Quick DAX : Word count

Posted by on Oct 13, 2018 in DAX, Power BI | 9 Comments

Here is a technique you might consider if you need to split text down to individual words.  This could be used to help count, rank or otherwise aggregate the words in some longer text.  The approach detailed here uses spaces as a delimiter and will not be tripped up if multiple spaces are used between words.

There is no SPLIT function in DAX, so this approach uses the MID function to help find words.

The PBIX file used for the blog can be downloaded here.

[Updated 14th Oct, 2018]
A slightly updated version that uses UNICHAR/UNICODE to preserve the case (“A” versus “a”) of each letter can be downloaded here. The reason for this is DAX stores a dictionary of unique values for every column.  It is the first instance of any value that is added to the dictionary and assigned a new ID.  Subsequent values that are considered the same “A” and “a” are considered the same are assigned the same ID.  Using the UNICHAR/UNICODE version helps preserve the original case of each letter.

Output words to a Table

The first example takes a simple sentence and extracts each word in the sentence to its own row.

The first part of the DAX for the calculated table is as follows:

The initial variable called Sentence stores the text to be broken apart.  Notice I have deliberately injected multiple spaced between some of the words.  Feel free to replace this with your own text.

I then add a space to the start and end of the text to make sure the first/last words can be extracted.  The LengthOfSentence counts the number of individual characters in the text.  This is then used in the next step to create a pivoted version of the text that contains a row for every character.

The data stored in the PivotedSentence table expression will now look like this:

Next, I make use of the number in the [Value] column to add a column that will represent the upper and lower bounds of each word using the space as the delimiter.

This will add two columns that carry the character position for the start/end of each word.  You’ll notice I have highlighted the rows belonging to the word “quick”.  The number 6 in the [PrevSpace] column means this word begins at position 6 in the text, while the 10 in the [NextSpace] column represents the end of the word.   Every letter in the word carries the same value in these columns.

The TableOfWords variable creates a single column table with the unique values of the [PrevSpace] column – after filtering out any row with a space character.  The IN command could have additional items added to the filter.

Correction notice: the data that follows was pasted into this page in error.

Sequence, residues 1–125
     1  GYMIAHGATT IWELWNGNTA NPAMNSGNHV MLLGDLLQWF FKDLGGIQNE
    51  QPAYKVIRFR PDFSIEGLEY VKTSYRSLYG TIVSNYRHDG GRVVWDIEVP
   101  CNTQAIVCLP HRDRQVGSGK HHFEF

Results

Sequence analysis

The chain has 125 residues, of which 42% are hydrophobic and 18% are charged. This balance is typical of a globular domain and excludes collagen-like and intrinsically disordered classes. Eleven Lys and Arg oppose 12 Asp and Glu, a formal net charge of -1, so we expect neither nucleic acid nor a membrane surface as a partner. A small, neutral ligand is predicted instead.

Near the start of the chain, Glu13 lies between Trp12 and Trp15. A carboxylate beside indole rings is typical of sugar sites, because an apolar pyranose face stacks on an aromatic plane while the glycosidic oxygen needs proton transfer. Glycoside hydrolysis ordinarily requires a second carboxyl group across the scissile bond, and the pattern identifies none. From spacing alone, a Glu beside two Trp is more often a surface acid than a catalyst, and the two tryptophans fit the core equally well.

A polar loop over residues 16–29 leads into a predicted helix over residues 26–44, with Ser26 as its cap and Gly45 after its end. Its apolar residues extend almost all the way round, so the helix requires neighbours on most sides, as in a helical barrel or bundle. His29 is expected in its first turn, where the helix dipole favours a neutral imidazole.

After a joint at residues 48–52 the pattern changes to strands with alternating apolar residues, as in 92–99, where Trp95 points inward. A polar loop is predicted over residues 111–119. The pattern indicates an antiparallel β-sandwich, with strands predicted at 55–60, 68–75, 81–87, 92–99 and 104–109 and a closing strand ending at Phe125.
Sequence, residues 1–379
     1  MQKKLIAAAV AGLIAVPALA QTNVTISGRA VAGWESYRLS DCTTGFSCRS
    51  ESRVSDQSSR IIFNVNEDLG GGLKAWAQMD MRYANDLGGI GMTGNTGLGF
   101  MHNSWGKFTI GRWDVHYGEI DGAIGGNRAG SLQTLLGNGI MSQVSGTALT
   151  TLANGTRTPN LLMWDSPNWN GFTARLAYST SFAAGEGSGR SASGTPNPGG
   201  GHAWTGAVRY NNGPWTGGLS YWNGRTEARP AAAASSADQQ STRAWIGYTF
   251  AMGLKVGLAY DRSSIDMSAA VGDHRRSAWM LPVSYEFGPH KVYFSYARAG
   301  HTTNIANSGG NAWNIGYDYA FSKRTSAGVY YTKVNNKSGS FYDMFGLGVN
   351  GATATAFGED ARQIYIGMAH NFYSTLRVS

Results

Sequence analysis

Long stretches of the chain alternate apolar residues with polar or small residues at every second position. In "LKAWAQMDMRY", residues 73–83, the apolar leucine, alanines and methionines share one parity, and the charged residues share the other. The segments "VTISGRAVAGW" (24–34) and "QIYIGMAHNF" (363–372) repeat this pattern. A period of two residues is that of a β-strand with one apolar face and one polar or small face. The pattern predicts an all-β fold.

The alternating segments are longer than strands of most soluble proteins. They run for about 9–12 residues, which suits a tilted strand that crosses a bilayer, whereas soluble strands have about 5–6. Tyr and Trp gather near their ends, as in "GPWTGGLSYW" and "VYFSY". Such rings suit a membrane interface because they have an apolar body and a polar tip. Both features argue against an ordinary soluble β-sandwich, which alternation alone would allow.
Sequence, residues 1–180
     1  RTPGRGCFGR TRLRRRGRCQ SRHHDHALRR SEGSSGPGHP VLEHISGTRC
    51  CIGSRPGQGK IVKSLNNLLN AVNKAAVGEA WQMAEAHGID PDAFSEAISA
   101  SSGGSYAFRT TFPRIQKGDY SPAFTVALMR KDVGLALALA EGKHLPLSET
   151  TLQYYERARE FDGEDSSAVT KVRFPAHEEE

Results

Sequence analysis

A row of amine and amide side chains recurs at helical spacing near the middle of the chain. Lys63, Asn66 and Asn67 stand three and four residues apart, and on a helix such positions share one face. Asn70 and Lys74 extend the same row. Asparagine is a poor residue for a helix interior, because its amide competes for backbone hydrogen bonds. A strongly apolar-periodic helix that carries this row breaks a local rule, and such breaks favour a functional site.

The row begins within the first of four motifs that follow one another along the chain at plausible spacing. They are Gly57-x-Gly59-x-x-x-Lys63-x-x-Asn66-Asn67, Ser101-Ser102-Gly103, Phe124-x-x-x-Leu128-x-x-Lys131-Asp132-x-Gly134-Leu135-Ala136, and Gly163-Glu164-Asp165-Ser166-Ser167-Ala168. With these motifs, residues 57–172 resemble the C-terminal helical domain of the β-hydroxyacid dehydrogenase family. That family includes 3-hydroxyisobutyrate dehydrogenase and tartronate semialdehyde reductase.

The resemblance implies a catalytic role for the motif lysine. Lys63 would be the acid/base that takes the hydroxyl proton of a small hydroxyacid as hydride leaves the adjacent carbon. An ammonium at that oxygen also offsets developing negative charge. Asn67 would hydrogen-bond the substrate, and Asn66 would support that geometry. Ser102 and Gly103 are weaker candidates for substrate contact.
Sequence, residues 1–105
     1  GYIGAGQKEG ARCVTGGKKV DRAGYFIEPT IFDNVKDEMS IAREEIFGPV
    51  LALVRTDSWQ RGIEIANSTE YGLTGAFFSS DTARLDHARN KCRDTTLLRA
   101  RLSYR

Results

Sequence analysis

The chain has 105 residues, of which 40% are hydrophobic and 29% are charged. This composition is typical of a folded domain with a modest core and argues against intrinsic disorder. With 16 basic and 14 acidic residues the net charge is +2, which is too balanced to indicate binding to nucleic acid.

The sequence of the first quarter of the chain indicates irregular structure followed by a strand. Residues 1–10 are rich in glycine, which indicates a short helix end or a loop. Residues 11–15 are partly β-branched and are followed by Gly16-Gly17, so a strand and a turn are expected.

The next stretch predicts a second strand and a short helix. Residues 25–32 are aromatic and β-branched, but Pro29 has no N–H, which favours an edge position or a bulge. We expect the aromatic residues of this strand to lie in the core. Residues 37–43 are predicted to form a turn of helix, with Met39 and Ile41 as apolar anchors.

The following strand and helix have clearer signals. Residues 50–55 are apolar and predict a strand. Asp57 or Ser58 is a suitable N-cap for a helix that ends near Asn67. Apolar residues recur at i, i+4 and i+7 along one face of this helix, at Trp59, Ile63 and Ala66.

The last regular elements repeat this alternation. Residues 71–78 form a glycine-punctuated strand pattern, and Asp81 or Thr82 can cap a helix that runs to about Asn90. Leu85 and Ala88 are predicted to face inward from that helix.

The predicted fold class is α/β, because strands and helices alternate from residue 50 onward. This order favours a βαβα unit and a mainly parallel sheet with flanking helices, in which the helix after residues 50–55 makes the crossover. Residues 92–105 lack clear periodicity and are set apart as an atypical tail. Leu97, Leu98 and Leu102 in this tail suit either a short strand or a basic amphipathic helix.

For this example, the table expression in the TableOfWords variable will look like this:

The rows in this table expression could now be counted if the objective is simply to produce a word count.  I will show that code further down in a calculated column.

The next variable adds a column to the table expression that unpivots the letters in the Boundaries table expression using the CONCATENATEX function filtered down to only the letters that belong to the same word.

Now we have a table expression showing the split words as follows:

The RANKX function used the number in [Word Position] column to add a useful column that could be used to help extract the “first 5 words” or “Last N words” in some text.

The full calculation is here :

Add word count calculated column

In the same PBIX file, I have a ‘Dimension Stock Item’ table that has a text description for each item.  A slightly modified version of the above calculation is as follows:

The approach is the same and still pivots the text into a table expression with a single row per character.  Boundaries are established for each word, but there is no need to unpivot as a word count can be obtained by doing a COUNTROWS using the TableOfWords table expression.




Philip Seamark
Phil is Microsoft Data Platform MVP and an experienced database and business intelligence (BI) professional with a deep knowledge of the Microsoft B.I. stack along with extensive knowledge of data warehouse (DW) methodologies and enterprise data modelling. He has 25+ years experience in this field and an active member of Power BI community.


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